SIR: I was very pleased to be so favourably commented on by John Bayley in his review of The Collected Ewart 1933-1980 (LRB, 4 September). If I now write to correct one or two misconceptions, this is because I honour his piece as criticism and not just off-the-cuff reviewing. First, in the poem ‘It’s hard to dislike Ewart’ the speaker is the reviewer, not myself. He acts and speaks like a prep-school master (some reviewers do). ‘The Larkin Automatic Car Wash’ is a para-poem, not a parody. It uses the Larkin language and the Larkin style and the Larkin metre; it is about a journey, it has exactly the same number of stanzas, it ends with what might be called a ‘spiritual experience’. A parody always sets out to exaggerate the qualities or eccentricities of an original, with a humorous intention. There is no humorous intention here; this is a perfectly serious poem. The poem ‘Variation on a Theme of K. Amis’ is not a parody, or intended to be in Kingsley Amis’s style; it is exactly what it says it is, a variation on his poem now called ‘A Bookshop Idyll’, the theme being women’s verse. It comments on the domesticity of a lot of this in the early Sixties, when the poem was written, and on its religious tendencies (Elizabeth Jennings, Kathleen Raine being not far from my mind). Things have changed, and such a poem could not now, truthfully, be written.

Gavin Ewart
London SW15

Vol. 2 No. 21 · 6 November 1980

SIR: It would be a pity if your readers concluded from John Bayley’s somewhat perfunctory review of the Selected Poems and Prose of Michael Roberts (LRB, 4 September) that the prose was merely ancillary to the poetry. Even if we accept Professor Bayley’s assessment of the latter at its face value (which may be risky since he seems not even to know the title of the best-known anthology of modern verse), the prose selections, which in fact comprise four-fifths of the whole book, stand on their own feet. Nor do they by any means consist mainly of poetry reviews, as Professor Bayley seems to imply. In particular, they include several complete chapters from three of Michael Roberts’s main works – The Modern Mind, The Recovery of the West and The Estate of Man. Admittedly, single chapters taken out of context cannot hope to convey the scope or force of a whole book. And some books – including T.E. Hulme, which is in many ways Michael Roberts’s best – simply cannot, because of their subject or structure, be sampled in this way. But the great merit of all these books is precisely that they do measure up to Professor Bayley’s criterion – they ‘stand the test of time’. After a lapse of more than thirty years they remain both readable and very relevant to a wide range of our current concerns, social, moral and political. This is a lot more than can be said for other, and better-known, publicists of the period. I am sorry that Professor Bayley has not observed this for himself: perhaps he disapproves of chapters torn from books of which they are an integral part, and I would agree with him on this. But if so, the remedy is in his own hands. I recommend him, and readers of his review, to try in particular The Modern Mind and T.E. Hulme, if they can find them. No doubt he at least can get them from the Bodleian, but if not I would even, in so good a cause, be prepared to lend him mine. Messrs Faber and Faber could do everyone a service by putting all four of Michael Roberts’s books back into print, but meanwhile the volume under review is a welcome selection, which deserves more careful reading, and more space, than Professor Bayley was able to give it.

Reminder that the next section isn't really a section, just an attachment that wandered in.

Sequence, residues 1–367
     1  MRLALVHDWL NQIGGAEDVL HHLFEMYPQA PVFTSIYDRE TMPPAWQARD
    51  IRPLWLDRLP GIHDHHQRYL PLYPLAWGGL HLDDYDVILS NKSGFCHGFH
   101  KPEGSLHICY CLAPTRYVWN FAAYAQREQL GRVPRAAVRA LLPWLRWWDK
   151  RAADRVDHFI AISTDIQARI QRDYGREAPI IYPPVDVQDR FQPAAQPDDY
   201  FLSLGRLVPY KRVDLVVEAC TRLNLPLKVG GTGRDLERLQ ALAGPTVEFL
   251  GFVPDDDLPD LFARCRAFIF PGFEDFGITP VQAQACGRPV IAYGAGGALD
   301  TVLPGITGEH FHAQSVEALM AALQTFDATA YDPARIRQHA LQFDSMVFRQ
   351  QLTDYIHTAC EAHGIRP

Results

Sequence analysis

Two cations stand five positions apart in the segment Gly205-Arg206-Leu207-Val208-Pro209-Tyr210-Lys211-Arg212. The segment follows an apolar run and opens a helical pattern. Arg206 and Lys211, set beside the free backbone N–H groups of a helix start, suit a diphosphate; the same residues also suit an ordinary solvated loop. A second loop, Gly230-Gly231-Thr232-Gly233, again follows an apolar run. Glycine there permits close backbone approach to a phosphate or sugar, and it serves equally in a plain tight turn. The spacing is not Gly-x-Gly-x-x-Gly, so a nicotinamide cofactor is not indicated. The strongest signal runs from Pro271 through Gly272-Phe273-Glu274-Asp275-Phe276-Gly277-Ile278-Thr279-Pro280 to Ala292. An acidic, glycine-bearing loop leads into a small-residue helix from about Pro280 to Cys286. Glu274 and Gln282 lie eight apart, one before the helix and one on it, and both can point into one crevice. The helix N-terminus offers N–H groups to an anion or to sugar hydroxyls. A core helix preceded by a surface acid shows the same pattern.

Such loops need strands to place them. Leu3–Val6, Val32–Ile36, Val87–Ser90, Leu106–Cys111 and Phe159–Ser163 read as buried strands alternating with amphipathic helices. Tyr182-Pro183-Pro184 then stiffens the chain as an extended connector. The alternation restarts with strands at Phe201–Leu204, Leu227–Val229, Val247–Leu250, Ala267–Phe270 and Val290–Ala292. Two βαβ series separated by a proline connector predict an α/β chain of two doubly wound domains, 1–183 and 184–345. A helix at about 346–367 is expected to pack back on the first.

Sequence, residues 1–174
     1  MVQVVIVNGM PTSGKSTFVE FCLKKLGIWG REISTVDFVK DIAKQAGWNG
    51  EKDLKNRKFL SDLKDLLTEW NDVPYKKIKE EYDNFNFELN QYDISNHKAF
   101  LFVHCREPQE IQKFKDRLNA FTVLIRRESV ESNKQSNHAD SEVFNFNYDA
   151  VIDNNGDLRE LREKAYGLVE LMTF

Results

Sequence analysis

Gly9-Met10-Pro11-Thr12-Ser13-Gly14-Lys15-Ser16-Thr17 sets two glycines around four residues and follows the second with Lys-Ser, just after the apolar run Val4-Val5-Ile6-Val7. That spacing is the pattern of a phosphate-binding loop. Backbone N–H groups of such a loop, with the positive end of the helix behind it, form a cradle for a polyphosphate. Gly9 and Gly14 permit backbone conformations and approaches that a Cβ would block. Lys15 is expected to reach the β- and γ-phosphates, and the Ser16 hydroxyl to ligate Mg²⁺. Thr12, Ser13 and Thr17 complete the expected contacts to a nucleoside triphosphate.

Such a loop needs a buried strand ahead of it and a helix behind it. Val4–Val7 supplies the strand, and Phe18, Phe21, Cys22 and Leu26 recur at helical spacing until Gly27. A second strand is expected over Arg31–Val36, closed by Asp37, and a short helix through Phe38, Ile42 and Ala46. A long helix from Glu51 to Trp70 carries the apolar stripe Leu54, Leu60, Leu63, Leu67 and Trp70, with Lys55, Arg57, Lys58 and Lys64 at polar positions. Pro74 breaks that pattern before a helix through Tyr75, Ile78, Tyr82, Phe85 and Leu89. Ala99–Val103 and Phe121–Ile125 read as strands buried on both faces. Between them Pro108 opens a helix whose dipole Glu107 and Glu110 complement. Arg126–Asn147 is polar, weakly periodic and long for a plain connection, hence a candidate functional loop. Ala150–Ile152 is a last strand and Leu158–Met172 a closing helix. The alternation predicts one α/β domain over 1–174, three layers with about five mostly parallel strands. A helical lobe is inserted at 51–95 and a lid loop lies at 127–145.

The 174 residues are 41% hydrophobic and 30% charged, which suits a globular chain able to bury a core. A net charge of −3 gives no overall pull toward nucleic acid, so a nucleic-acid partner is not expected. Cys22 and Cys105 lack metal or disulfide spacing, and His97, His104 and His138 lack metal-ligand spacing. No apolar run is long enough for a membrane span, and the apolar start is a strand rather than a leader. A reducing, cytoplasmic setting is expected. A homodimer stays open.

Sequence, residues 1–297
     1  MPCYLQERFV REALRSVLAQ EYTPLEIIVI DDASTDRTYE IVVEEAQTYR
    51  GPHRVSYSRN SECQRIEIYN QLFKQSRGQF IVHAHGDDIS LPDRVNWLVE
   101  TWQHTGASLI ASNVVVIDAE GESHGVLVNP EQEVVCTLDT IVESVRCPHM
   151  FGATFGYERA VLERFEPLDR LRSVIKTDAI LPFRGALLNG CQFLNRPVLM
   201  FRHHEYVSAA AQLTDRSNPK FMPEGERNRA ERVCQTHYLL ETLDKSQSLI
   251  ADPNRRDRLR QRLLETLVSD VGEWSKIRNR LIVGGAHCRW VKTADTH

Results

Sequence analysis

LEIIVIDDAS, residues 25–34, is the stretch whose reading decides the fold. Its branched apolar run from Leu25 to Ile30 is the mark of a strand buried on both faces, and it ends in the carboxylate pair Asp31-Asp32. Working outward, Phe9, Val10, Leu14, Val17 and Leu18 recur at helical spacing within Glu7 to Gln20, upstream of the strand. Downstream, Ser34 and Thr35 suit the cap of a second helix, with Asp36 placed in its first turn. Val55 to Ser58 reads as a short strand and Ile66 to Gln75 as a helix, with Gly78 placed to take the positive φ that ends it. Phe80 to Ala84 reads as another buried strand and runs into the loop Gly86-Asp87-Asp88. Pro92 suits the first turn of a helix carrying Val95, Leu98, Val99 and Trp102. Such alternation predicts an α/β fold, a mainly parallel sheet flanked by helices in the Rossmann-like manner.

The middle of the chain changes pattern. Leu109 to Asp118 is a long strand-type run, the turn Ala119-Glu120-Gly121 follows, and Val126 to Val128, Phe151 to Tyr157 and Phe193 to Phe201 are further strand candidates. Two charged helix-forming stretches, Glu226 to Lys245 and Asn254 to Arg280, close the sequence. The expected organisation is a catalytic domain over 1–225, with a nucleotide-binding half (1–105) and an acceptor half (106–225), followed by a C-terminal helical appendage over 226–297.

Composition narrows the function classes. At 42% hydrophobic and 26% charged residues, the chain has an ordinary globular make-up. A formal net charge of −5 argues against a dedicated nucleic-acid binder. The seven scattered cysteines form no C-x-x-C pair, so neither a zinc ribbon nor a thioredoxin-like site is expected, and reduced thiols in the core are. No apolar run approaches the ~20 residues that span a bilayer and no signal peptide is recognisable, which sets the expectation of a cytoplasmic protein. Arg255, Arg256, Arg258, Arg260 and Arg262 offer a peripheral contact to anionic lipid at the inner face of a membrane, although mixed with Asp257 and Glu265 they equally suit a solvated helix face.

Lawrence Airey
Coulsdon, Surrey

John Bayley writes: Michael Roberts is not an easy person for a reviewer to come to grips with, in the form in which Selected Poems and Prose presents him. Lawrence Airey allows that, but at the same time I think I do admit to having been unable to do the book justice, and I am glad he took the opportunity to argue the case for The Modern Mind and T.E. Hulme. I have myself in the past got something out of these books, but I incline to think that Roberts is the kind of writer (often a particularly interesting kind) who has a loyal following but who makes no special impact on other readers. I admit to belonging to the second class, and I was probably not the right person to review the selection. On this account I express my regrets to Lawrence Airey, and I hope he will continue to champion successfully the cause of a writer he believes in.